Chapter 2. Relations and Relvars

There’s nothing like a relation to do the business.

with apologies to William Makepeace Thackeray: Vanity Fair (1847-1848)

In this chapter, I want to explain exactly what it means for data to “look relational,” as I put it in Chapter 1; in other words, I want to explain exactly what relations are (among other things). First, however, I need to remind you of something else I said in that chapter: namely, (a) that the relational model is, above all, precise; (b) that such precision requires precise or formal terminology; and (c) that such formal terminology can be a little daunting (indeed, it can act as a barrier to understanding). But the concepts the terminology refers to are really quite straightforward, once you’ve struggled through the formalism, and I hope you’re ready now to make the necessary effort.


Consider the suppliers-and-parts database once again (see Figure 2-1, a repeat of Figure 1-1 from Chapter 1). From a relational point of view, what I previously called the “files” or “tables” in that database are really relations. Now, a relation is a mathematical construct, and it has a very precise mathematical definition, which I’ll give at the very end of the chapter—but for the moment it’s sufficient to know that a relation can be thought of, and depicted, as a certain kind of table. Moreover, every relation consists of a heading and a body, where:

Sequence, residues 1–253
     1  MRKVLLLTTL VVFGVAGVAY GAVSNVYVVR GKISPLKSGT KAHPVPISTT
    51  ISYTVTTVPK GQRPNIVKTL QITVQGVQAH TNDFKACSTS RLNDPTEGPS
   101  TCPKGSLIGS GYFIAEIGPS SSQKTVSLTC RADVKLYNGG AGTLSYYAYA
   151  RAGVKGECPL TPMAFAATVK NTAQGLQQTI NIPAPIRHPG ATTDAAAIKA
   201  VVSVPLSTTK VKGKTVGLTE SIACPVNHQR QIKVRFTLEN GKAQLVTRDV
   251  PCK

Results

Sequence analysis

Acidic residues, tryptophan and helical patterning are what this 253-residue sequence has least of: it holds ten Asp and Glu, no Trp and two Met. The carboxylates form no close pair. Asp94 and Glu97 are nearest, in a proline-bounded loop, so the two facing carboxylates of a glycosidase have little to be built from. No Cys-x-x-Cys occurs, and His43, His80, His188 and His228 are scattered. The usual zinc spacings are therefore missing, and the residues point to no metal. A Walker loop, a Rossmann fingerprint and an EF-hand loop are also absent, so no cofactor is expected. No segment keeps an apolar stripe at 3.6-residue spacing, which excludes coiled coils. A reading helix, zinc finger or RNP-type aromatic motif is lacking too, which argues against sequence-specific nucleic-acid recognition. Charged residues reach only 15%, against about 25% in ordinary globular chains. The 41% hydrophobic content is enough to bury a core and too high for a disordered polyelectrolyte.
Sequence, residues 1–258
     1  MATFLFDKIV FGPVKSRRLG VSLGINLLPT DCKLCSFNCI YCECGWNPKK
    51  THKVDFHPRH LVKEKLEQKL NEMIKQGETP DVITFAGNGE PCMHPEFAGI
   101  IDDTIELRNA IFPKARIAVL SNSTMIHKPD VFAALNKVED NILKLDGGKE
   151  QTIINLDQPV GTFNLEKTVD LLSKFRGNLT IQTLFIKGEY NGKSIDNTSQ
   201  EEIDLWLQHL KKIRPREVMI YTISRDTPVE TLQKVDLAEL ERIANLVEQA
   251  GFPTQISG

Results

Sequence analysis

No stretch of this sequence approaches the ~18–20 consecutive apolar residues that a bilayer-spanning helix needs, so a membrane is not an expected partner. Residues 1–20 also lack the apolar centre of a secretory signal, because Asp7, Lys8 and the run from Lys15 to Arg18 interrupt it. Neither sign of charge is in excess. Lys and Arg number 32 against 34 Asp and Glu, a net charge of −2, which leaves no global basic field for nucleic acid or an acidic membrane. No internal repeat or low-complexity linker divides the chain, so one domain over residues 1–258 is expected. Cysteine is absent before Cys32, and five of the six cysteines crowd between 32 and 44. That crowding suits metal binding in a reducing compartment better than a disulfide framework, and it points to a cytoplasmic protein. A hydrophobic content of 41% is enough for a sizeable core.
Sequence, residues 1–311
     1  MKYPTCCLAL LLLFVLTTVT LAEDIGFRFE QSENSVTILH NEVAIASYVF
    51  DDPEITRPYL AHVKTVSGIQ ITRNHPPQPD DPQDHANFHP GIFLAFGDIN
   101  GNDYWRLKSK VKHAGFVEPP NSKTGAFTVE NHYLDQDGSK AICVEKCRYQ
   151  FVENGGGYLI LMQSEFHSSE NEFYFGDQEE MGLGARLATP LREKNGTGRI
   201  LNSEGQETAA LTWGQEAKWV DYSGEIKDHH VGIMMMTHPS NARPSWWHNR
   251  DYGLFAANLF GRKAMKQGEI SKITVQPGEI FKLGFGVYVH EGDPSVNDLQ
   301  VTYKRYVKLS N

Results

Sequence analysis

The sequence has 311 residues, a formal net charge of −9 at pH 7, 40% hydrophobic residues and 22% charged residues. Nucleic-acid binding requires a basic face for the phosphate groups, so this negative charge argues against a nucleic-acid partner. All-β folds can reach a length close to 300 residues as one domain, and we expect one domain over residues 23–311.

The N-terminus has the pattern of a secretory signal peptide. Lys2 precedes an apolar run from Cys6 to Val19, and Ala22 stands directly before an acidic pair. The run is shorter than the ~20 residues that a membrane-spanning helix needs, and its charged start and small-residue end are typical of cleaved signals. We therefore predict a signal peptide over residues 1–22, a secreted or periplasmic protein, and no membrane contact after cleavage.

• The heading consists of a set of attributes (represented as columns in those tabular ...

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